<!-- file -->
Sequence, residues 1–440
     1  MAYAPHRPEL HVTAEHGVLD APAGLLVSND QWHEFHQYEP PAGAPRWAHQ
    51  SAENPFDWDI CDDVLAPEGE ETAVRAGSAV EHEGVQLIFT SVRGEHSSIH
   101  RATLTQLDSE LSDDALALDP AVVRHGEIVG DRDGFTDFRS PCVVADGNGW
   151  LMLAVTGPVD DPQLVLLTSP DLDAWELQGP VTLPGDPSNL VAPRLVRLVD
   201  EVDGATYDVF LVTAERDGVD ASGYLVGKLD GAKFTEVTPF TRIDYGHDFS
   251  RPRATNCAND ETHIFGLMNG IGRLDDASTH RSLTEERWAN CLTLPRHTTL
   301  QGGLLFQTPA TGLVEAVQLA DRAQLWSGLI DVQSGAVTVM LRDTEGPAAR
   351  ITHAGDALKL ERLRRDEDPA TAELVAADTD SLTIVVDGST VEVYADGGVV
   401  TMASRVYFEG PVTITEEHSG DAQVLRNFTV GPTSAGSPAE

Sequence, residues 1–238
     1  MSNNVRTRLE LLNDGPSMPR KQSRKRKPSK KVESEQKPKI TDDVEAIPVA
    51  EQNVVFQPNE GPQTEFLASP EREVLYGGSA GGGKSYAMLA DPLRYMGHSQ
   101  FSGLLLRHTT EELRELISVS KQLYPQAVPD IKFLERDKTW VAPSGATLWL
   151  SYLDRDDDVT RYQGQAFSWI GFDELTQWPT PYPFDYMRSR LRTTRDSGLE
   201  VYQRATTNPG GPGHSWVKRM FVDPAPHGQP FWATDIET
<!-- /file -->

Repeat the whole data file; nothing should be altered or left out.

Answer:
Sequence, residues 1–440
     1  MAYAPHRPEL HVTAEHGVLD APAGLLVSND QWHEFHQYEP PAGAPRWAHQ
    51  SAENPFDWDI CDDVLAPEGE ETAVRAGSAV EHEGVQLIFT SVRGEHSSIH
   101  RATLTQLDSE LSDDALALDP AVVRHGEIVG DRDGFTDFRS PCVVADGNGW
   151  LMLAVTGPVD DPQLVLLTSP DLDAWELQGP VTLPGDPSNL VAPRLVRLVD
   201  EVDGATYDVF LVTAERDGVD ASGYLVGKLD GAKFTEVTPF TRIDYGHDFS
   251  RPRATNCAND ETHIFGLMNG IGRLDDASTH RSLTEERWAN CLTLPRHTTL
   301  QGGLLFQTPA TGLVEAVQLA DRAQLWSGLI DVQSGAVTVM LRDTEGPAAR
   351  ITHAGDALKL ERLRRDEDPA TAELVAADTD SLTIVVDGST VEVYADGGVV
   401  TMASRVYFEG PVTITEEHSG DAQVLRNFTV GPTSAGSPAE

Sequence, residues 1–238
     1  MSNNVRTRLE LLNDGPSMPR KQSRKRKPSK KVESEQKPKI TDDVEAIPVA
    51  EQNVVFQPNE GPQTEFLASP EREVLYGGSA GGGKSYAMLA DPLRYMGHSQ
   101  FSGLLLRHTT EELRELISVS KQLYPQAVPD IKFLERDKTW VAPSGATLWL
   151  SYLDRDDDVT RYQGQAFSWI GFDELTQWPT PYPFDYMRSR LRTTRDSGLE
   201  VYQRATTNPG GPGHSWVKRM FVDPAPHGQP FWATDIET